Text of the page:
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Thursday, August 22, 2019

The Bahá’i Religion: Theological Problems

The Bahá’i religion is based on the monotheistic teachings of Bahá’u’lláh, the nineteenth-century prophet whom Bahá’i’s maintain is the prophet even for the twenty-first century. The monotheism dovetails with the religion’s earthly goal of unity even in diversity.[1] At the same time, the religion is universalistic in that it holds that truth can come out of various religions, including non-deism Buddhism and polytheistic Hinduism. Bahá’i aims to be a tolerant religion in principle, although it seems to me that the monotheistic religions would naturally be favored. Although Hindu and Buddhist teachings and prayers are incorporated, Bahá’i does seem to emphasize Judaism, Christianity, and Islam. Yet this does not absolve Bahá’iism from the tension in being both monotheist and inclusive of truth from non-monotheist religions. Even within Bahá’i’s grasp of the three monotheist religions an underlying tension can be found. Specifically, although Bahá’iism aims to accurately represent all three of the Abrahamic religions, the desire to emphasize what those religions have in common comes at the expense of taking each in its own, distinct terms. In particular, Bahá’i teaching treats Moses, Jesus, and Mohammed similarly even though they are different types in their respective religions. The imposed isomorphism enables Bahá’iism to claim Bahá’u’lláh as the fourth is a series of the same prophet-type. This type stresses the divine-connection of the prophet at the expense of his human nature. Meanwhile, the goal of unity—the Kingdom of God—is also portrayed in distinctly earthly terms, albeit idealized, as the unity possible around the world of different peoples in “a civilization founded on justice, equality and unity in diversity.”[2] Viewing the Kingdom of God in such concrete, even partisan terms can arbitrarily narrow and even skew the divine into terms that are human, even all too human.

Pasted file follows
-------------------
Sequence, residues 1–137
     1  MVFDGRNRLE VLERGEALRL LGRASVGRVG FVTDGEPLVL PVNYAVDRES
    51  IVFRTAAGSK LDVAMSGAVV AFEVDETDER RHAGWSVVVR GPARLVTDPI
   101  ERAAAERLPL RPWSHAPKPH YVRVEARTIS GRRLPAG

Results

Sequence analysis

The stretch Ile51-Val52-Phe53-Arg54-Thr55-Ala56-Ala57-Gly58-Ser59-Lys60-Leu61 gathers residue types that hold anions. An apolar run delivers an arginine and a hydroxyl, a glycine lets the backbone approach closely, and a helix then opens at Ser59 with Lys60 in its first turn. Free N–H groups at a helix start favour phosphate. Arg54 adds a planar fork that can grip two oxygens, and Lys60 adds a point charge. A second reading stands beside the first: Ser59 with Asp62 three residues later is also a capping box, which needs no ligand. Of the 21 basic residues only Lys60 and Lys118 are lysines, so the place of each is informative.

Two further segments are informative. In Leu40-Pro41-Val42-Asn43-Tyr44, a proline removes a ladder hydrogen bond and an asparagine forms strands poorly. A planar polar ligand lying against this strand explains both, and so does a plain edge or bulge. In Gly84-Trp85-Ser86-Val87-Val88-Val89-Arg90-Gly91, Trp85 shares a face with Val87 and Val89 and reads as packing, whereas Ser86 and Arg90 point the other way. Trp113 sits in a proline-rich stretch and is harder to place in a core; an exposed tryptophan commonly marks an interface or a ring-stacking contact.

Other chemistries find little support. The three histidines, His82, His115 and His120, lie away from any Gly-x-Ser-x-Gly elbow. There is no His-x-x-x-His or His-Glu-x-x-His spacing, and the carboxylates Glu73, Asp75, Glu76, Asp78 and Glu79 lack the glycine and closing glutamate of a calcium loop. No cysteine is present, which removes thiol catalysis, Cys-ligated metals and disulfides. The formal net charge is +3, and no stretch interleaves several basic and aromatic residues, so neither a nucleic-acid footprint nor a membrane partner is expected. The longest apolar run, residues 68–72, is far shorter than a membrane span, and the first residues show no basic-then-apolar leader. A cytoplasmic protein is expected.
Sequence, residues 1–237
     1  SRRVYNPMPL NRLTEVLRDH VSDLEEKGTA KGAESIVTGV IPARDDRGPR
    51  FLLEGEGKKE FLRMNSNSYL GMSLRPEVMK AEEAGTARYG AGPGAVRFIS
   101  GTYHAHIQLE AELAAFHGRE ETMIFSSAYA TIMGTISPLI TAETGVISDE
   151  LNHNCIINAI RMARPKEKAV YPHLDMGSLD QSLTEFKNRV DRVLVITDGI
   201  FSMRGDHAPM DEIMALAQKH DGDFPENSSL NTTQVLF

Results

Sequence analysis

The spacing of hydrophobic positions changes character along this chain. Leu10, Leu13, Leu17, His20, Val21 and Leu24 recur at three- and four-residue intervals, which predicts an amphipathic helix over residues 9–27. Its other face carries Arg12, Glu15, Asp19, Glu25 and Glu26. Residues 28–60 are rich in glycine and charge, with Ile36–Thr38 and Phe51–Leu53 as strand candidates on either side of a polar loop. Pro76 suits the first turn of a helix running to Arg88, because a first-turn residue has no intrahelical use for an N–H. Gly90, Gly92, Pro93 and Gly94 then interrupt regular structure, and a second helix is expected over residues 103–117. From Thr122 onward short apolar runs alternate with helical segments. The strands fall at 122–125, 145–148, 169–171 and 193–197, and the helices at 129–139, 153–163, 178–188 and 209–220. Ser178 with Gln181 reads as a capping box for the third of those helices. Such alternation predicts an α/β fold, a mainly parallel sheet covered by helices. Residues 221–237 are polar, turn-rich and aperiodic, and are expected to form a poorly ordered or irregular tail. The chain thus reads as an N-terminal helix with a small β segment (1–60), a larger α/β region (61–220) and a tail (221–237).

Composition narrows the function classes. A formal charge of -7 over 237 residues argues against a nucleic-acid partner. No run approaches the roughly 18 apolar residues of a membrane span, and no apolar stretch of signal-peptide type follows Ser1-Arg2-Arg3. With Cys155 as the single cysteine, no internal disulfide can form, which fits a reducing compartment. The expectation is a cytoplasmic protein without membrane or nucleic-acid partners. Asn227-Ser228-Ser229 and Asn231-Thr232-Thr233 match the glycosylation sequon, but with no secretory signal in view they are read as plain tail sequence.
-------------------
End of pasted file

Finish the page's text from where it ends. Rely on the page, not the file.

The full essay is at "The Baha'i Religion."

For more, see: God's Gold: Beneath the Shifting Sands of Christian Thought on Profit-Seeking and Wealth Spiritual Leadership in Business: Transcending the EthicalBoth are available at Amazon.

1. This is similar to Schopenhauer’s ethical theory of compassion being based on Plotinus’s (a second-century Christian philosopher) notion of the One.
2. From the 2019 Grassroots Teaching Conference of the Four Corners Region.

Limits to Overused Fiscal and Monetary Policy Can Result in Self-Induced Governmental Impotence

“The [U.S.] federal budget deficit is growing faster than expected as President Trump’s spending and tax cut policies force the United States to borrow increasing sums of money.”[1] This observation was made just after the Federal Reserve Bank relented under pressure from the White House to lower interest rates because bond investors had been investing with a possible future recession in mind. With the U.S. Government’s accumulated debt standing at $22.4 trillion and interest rates already low, the limits to both fiscal and monetary policy were apparent even if most Americans in the political and business elite were focused on avoiding a possible recession in 2020.

The full essay is at "Overused Fiscal and Monetary Tools."

See also: Skip Worden, Essays on Two Federal EmpiresAvailable at Amazon.

1. Jim Tankersley and Emily Cochrane, “Budget Deficit Is Set to Surge Past $1 Trillion,” The New York Times, August 22, 2019.

Wednesday, August 21, 2019

Anticipating a Recession: Economic and Political Indicators in the E.U.

Anticipation in August, 2019, at least among bond purchasers on Wall Street, of an impending recession in 2020 had at least in part to do with the E.U. In particular, a large state, Germany, had a disappointing second quarter in terms of contracting economic output, and the increasing prospect of Britain seceding from the Union was thought to result in the E.U. economy turning recessionary. I contend that both of these baleful indicators were over-emphasized. Additionally, adding the increasing political polarization in the E.U. as another contributor to an upcoming recession would be too much.

The full essay is at "Anticipating a Recession."